Puzzle #3: Lightning and Lightning Bugs
Mark Twain once said: The difference between the right word and the almost right word is the difference between lightning and a lightning bug.
Very true, and probably never truer than in the field of poetry where "the almost right word" can kill the tone, the rhyme, or the meter of the poem.
Take this, one of my most favorite "limericks" as an example...
There once was a poet from Japan
Whose limericks never did scan
When asked why this was,
He said, "It's because...
"I like to fit as many syllables in the last line as I possibly can!"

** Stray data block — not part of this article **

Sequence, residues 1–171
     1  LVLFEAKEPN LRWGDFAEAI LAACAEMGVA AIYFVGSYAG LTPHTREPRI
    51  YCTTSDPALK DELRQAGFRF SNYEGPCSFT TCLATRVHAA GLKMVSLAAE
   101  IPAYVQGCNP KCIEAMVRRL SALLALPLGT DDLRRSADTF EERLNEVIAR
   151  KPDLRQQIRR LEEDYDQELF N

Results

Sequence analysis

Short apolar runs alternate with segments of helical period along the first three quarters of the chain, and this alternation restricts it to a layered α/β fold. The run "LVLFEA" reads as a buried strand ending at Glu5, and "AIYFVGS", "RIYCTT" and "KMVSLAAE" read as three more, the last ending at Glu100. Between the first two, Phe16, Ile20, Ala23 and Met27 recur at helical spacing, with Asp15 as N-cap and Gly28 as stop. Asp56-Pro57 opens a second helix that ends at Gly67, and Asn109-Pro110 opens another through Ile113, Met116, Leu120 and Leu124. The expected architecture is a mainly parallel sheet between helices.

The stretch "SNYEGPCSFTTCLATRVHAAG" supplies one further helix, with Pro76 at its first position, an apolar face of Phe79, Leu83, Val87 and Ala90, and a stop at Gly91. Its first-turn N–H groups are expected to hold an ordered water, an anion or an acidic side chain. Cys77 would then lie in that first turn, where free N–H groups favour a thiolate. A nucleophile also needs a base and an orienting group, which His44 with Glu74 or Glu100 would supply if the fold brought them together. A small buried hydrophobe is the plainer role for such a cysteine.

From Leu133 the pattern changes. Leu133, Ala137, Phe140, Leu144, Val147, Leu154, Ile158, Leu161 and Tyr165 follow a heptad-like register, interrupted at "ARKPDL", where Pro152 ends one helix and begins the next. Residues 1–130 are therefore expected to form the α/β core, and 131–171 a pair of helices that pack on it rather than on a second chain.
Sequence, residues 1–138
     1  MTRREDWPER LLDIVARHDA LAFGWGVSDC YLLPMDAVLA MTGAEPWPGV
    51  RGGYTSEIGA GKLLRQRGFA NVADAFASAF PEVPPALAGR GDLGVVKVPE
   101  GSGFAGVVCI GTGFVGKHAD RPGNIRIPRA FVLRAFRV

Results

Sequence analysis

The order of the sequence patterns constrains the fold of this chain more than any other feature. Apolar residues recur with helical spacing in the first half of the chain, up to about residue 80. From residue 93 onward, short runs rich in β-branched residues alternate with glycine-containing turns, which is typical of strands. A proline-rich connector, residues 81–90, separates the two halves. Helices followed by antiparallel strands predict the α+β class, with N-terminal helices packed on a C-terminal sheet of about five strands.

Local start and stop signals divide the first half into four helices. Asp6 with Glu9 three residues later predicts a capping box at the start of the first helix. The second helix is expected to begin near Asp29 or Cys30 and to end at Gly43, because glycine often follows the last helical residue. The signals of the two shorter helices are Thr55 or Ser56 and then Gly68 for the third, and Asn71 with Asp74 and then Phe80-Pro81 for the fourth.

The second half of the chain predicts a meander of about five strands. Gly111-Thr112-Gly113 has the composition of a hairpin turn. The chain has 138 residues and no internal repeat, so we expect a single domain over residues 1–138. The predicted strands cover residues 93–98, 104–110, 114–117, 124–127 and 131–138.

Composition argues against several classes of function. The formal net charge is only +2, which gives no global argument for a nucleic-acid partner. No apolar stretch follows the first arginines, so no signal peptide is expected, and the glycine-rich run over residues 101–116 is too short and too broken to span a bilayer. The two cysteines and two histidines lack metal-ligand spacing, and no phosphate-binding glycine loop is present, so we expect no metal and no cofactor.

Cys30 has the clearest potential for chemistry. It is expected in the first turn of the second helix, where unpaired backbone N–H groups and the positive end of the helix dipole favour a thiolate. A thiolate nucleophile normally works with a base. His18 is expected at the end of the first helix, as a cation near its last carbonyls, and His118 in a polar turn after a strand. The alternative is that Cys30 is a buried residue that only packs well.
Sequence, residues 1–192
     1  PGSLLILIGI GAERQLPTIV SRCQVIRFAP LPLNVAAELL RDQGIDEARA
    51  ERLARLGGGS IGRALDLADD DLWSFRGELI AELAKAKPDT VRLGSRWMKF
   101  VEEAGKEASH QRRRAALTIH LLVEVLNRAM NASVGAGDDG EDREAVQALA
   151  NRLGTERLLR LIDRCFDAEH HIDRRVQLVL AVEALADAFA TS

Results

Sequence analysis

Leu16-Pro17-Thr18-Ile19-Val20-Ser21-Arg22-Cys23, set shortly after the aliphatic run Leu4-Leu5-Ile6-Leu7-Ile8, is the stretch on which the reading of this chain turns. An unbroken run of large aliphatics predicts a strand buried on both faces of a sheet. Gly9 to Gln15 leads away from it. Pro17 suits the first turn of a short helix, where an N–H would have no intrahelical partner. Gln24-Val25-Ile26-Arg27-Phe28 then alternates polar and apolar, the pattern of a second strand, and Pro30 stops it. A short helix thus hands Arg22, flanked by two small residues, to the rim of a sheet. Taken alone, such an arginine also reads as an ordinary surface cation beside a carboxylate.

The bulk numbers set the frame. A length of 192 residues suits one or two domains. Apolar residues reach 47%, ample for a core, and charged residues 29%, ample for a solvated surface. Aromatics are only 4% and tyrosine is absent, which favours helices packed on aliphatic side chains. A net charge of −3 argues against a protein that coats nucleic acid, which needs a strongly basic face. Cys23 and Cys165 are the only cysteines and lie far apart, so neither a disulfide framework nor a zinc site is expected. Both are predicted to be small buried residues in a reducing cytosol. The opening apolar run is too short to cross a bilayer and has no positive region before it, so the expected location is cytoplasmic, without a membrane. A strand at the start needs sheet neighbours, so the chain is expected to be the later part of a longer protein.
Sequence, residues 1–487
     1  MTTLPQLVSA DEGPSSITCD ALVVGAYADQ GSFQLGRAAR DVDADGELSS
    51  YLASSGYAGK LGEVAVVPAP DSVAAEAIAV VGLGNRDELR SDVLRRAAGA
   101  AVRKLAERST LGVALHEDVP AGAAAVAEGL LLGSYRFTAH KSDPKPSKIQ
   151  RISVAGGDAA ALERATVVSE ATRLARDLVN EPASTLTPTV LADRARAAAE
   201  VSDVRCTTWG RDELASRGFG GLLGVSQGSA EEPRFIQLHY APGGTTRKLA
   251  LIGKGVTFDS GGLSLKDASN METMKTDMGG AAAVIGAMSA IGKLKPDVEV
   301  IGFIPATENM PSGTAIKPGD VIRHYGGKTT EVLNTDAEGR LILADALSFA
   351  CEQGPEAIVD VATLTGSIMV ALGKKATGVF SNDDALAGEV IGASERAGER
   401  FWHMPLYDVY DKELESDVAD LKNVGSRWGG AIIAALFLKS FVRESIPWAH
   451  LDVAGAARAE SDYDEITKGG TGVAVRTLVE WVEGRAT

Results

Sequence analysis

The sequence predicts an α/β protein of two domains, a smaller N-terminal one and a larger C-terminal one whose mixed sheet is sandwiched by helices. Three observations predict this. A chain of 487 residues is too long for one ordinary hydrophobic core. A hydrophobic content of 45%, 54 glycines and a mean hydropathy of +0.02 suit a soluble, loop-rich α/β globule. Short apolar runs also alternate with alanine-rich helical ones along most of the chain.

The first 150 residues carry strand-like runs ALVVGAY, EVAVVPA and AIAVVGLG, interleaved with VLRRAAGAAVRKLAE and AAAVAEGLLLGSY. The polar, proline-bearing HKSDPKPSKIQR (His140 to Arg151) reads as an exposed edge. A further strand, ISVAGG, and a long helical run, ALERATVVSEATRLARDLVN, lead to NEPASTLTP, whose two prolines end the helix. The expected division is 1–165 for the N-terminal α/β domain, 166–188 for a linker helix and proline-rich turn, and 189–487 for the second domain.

Clearly, that was a poet who had a hard time finding the right word, and so settled not just for the almost right word, but for a whole string of almost right words!
On a different note, here's a poem by Oliver Goldsmith, who seemed to do a little better at picking the right words. The poem is a teensy bit more depressing than the limerick, but at least it flows well!
When lovely woman stoops to folly
When lovely woman stoops to folly,
And learns too late that men betray,
What charm can soothe her melancholy,
What art can wash her guilt away?
The only art her guilt to cover,
To hide her shame from every eye,
To give repentance to her lover
And wring his bosom, is - to die.
And by the way, the answer to this puzzle is lightning, not a lightning bug!
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